John McDonnell: Economic crisis, vulnerable workers and… a Labour alternative?

This morning Shadow Chancellor John McDonnell took to the stage at Bloomberg’s impressive new London HQ to announce two things. First, in his view Britain is on the Brink of a 2008-style meltdown due to mismanagement by the Conservative government. Second, only a Labour government can cure Britain of its economic ills. IPSE’s Senior Policy Adviser Jonathan Lima-Matthews and Economic Policy Adviser Ryan Barnett were invited to listen in.

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In his speech, John McDonnell painted a stark picture of how years of government reductions in spending have affected delivery of public services and inhibited economic growth. He took square aim Chancellor Philip Hammond for this and implored him to change tack.

If the chancellor isn’t prepared to do this, McDonnell said, then a Labour Party will happily step into the breach.

Most notably for the self-employed, McDonnell raised the issue of insecure work – something IPSE has also been challenging for some time, most recently in our ‘Under Pressure’ report on vulnerable self-employment.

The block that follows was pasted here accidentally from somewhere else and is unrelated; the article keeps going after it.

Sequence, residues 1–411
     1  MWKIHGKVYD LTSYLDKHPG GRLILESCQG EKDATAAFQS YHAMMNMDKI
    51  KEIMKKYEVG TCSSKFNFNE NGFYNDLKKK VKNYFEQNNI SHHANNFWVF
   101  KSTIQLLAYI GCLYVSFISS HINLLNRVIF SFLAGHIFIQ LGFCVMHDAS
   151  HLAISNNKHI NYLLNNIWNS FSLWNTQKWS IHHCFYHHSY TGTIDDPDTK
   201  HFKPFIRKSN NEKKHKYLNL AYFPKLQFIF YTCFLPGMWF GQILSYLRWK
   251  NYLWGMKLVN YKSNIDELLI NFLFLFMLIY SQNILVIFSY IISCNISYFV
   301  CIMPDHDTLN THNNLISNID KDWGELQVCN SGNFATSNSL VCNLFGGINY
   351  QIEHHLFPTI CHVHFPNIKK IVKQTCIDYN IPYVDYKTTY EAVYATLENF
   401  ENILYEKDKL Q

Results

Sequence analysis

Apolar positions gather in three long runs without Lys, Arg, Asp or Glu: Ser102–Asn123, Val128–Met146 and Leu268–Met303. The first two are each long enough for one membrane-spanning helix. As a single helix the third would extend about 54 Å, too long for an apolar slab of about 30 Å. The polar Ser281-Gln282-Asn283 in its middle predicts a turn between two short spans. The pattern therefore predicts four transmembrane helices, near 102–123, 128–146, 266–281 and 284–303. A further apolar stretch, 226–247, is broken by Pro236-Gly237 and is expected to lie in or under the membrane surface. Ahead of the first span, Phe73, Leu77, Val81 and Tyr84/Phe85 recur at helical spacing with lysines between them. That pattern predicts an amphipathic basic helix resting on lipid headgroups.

The Economy

Citing Bank of England data, the Shadow Chancellor gave a bleak overview: falling investment, manufacturing in recession and growing inequality. Growth forecasts have been revised down and business confidence is low (visible in our own Freelancer Confidence Index). Brexit uncertainty weighs heavily on our politics and the economy, but we are unlikely to see anything hugely surprising in Wednesday’s spring statement.

Treading familiar ground, McDonnell gave an idea of what Labour would offer the economy if the party was in government. This centred on investing in communities, patient, long-term finance similar to what Mariana Mazzucatto has advocated – as well as increasing the participation of workers in firms. Interestingly, McDonnell sees this last point as essential for increasing productivity, a persistent problem for the UK compared to other G7 countries.

He also promised Labour would maintain the triple lock on pensions, although this, of course, only refers to state pensions. In the past, IPSE has called for more to be done to help the self-employed save for later life. With an older self-employed population and pensions uptake in this group at only 31 per cent, this is a serious problem, which must be met head-on sooner or later.

This week’s scheduled votes on the government’s Brexit deal, with the March 29 deadline only weeks away, may finally give us some clarity. However, as the Shadow Chancellor remarked, it would be foolhardy to bet on where we will be in just a month’s time.

Regardless, there are a lot of urgent and long-term issues to address when and if Brexit is resolved. As ever, IPSE will continue to press government to support the UK’s self-employed, who will be essential to the UK’s post-Brexit economy.

Meet the authors

Jonathan Lima-Matthews

Public Affairs Manager

Ryan Barnett

Economic policy adviser